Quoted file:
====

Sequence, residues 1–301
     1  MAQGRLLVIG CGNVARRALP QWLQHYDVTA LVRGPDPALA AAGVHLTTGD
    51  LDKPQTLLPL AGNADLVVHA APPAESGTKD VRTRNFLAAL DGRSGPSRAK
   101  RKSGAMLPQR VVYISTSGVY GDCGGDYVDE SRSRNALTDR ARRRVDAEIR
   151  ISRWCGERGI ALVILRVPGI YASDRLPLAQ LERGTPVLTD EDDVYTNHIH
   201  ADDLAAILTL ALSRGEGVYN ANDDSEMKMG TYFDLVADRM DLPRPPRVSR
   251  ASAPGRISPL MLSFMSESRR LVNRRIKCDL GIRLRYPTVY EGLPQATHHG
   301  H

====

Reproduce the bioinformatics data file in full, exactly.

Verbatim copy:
Sequence, residues 1–301
     1  MAQGRLLVIG CGNVARRALP QWLQHYDVTA LVRGPDPALA AAGVHLTTGD
    51  LDKPQTLLPL AGNADLVVHA APPAESGTKD VRTRNFLAAL DGRSGPSRAK
   101  RKSGAMLPQR VVYISTSGVY GDCGGDYVDE SRSRNALTDR ARRRVDAEIR
   151  ISRWCGERGI ALVILRVPGI YASDRLPLAQ LERGTPVLTD EDDVYTNHIH
   201  ADDLAAILTL ALSRGEGVYN ANDDSEMKMG TYFDLVADRM DLPRPPRVSR
   251  ASAPGRISPL MLSFMSESRR LVNRRIKCDL GIRLRYPTVY EGLPQATHHG
   301  H